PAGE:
The Chernobyl disaster occurred in 1986 and caused the mass evacuation of tens of thousands of people.
09 October 2012
Chernobyl charities fight back in UK visa change
Charitable organisations that bring children affected by the Chernobyl disaster to the UK each year have begun a campaign against law changes which introduce UK visa charges from next year.
A total of 67 UK based charities have been bringing numbers of children from areas in the Ukraine affected by the 1986 Chernobyl disaster have been outraged by plans to introduce UK visa charges for each child brought in as of March 2013.
As of next year, the charities will have to pay £86 per child for a UK visa.
It was reported last month the difficulty the Portsmouth and Hayling Island Link of the Chernobyl Children's Lifeline charity was having bringing just 12 children over and now more charities are expressing their outrage too.
Friends of Chernobyl Children, a nationwide charity, said the added cost to its members would be £45,000 a year while Chernobyl Children's Lifeline, a Bristol based charity which brings 2,500 children to the UK each year put the added cost of £212,000.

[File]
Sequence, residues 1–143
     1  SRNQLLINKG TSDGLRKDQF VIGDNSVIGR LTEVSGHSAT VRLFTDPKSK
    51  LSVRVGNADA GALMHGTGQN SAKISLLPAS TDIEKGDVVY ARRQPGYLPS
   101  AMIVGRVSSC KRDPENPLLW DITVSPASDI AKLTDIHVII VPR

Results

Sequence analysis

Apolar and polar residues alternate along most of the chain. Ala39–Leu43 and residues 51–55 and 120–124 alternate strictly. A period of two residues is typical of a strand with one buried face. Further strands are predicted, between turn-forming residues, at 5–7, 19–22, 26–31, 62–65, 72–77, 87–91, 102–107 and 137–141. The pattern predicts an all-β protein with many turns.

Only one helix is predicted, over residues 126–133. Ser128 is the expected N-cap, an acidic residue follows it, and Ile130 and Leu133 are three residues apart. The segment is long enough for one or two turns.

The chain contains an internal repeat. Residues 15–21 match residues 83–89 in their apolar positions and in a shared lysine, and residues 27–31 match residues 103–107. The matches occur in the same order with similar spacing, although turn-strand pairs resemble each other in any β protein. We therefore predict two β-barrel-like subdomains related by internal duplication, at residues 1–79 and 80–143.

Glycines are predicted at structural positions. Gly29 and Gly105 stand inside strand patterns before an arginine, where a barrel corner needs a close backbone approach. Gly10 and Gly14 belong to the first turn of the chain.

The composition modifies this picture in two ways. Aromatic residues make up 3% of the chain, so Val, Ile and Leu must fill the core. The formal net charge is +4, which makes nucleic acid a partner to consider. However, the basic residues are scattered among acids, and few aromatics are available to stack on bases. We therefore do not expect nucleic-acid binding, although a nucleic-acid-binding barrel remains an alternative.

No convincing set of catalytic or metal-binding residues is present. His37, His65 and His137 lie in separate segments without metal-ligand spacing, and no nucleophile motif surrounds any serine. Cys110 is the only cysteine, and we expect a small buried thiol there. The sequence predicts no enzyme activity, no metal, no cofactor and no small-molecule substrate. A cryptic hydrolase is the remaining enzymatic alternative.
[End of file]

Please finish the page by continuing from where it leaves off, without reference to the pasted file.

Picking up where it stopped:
The Foreign and Commonwealth Office defended its decision, citing its support of the cause for 16 years and blaming austerity measures for the necessity of the introduced charges but insisted the impact will be softened as much as possible.
"The charities will continue to have access to visas under a memorandum of understanding agreed with UK Border Agency. This ensures the proper safeguards and in place but also provides a facilitated services for the charities," said a spokesperson for the Foreign and Commonwealth Office.
The charities have started an online petition which they hope will gain 100,000 signatures and therefore trigger a potential debate in Parliament over the matter.
The UK Visa Bureau is an independent immigration consultancy specialising in helping people prepare for their UK Ancestry Visa application.